Third Quarter Review of Monetary Policy 2011-12
-Announced on the 24th January 2012
I. The State of the Economy
7. US GDP growth in Q3 of 2011 [quarter-on-quarter (q-o-q), seasonally adjusted annualised rate (saar)] was revised downwards from 2 per cent to 1.8 per cent. Although this is better than the sub-one per cent growth in the first half of 2011, it is still substantially below trend. In the euro area, GDP growth (q-o-q, saar) decelerated from 0.8 per cent in Q2 to 0.4 per cent in Q3. In Japan, growth (q-o-q, saar) recovered to 5.6 per cent in Q3 from the setbacks suffered in Q2 (-2.0 per cent) and Q1 (-6.6 per cent) due to earthquake/tsunami.
8. Amongst the major EDEs, growth [year-on-year (y-o-y)] in China slowed to 8.9 per cent in Q4 of 2011 from 9.1 per cent in Q3 and 9.5 per cent in Q2; it also slowed in Brazil to 2.1 per cent in Q3 from 3.3 per cent in Q2 and in South Africa to 3.1 per cent from 3.2 per cent. Growth in Russia, however, accelerated to 4.8 per cent in Q3 from 3.4 per cent in Q2 of 2011. Various international agencies have scaled down their growth estimate for 2011 and projection for 2012 both for the advanced economies and EDEs.
9. The global purchasing managers’ index (PMI) for manufacturing recovered to an expansionary mode in December after remaining below the benchmark 50-mark (suggesting contraction) in both October and November 2011. The services index remains above the 50-mark (suggesting expansion) and improved from 52.7 in November to 53.2 in December. The composite PMI of the euro area has remained well below the benchmark of 50 since September 2011, although the index improved marginally to 48.3 in December from 47.0 in November.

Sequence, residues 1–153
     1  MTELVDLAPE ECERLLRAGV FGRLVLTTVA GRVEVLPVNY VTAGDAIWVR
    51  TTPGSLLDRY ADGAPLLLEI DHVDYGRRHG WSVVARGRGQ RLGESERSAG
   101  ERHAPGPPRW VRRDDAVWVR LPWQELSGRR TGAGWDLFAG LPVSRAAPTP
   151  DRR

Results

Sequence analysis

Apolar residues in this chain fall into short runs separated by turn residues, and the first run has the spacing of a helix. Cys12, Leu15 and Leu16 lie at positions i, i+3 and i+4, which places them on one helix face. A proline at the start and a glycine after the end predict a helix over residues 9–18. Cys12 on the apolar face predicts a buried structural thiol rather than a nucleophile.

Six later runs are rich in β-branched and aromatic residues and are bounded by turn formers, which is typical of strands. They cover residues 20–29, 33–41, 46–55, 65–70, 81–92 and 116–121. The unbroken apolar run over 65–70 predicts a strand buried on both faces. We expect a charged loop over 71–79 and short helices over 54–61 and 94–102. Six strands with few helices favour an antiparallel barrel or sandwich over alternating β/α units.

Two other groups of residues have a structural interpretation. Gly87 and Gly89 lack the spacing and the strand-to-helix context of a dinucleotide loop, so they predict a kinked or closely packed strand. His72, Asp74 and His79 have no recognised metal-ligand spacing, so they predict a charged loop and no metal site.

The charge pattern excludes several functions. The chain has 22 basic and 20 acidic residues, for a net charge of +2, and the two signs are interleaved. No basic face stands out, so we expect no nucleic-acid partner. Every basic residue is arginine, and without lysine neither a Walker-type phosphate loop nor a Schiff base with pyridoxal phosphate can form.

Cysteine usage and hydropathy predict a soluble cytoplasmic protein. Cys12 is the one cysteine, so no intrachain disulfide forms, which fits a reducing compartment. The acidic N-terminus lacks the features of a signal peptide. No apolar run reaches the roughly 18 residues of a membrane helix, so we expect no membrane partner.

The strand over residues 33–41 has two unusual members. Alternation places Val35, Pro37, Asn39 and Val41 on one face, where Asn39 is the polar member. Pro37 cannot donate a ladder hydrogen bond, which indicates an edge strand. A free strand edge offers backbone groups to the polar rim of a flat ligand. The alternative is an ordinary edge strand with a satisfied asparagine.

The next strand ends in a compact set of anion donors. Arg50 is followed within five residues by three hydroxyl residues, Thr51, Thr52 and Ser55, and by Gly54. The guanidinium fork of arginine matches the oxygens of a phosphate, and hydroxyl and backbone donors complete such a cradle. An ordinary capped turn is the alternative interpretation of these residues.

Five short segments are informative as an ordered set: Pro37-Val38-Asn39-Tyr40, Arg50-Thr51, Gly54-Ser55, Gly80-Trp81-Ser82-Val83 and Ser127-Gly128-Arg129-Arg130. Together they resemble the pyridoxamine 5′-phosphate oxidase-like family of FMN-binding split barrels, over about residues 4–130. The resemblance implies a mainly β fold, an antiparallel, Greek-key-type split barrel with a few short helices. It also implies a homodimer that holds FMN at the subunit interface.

10. Beginning the fourth week of December 2011, increase in international crude oil prices has been driven largely by geo-political uncertainties. In contrast, weak global economic activity has led to some softening of non-oil commodity prices. The World Bank’s index of non-energy prices declined by 11 per cent (y-o-y) in December 2011
11. Reflecting international commodity price dynamics, headline measures of inflation moderated in November-December 2011 in a number of countries, but still remain at elevated levels. Among the major advanced economies, headline inflation was 3.0 per cent in the US and 2.7 per cent in the euro area. Amongst the EDEs, headline inflation was 4.1 per cent in China, 6.5 per cent in Brazil and 6.1 per cent in Russia and South Africa. Notably, in many EDEs, the softening, in varying degrees, of the impact of global commodity prices on inflation was offset by the sizeable depreciation of their currencies in the second half of 2011.
12. Given the renewed strains in global financial markets, six major central banks announced coordinated actions in November 2011 to enhance their capacity to provide liquidity support to the global financial system. The European Central Bank (ECB) also announced longer-term refinancing operations (LTROs) with a maturity of 36 months. These measures are intended to encourage bank lending in money markets and sovereign bond markets.
13. At home, GDP growth moderated from 7.7 per cent in Q1 (April-June) to 6.9 per cent in Q2 (July-September) of 2011-12. This was mainly due to deceleration in industrial growth from 6.7 per cent to 2.8 per cent. However, the services sector held up relatively well. Consequently, GDP growth during H1 (April-September) of 2011-12 slowed to 7.3 per cent from 8.6 per cent in H1 of last year.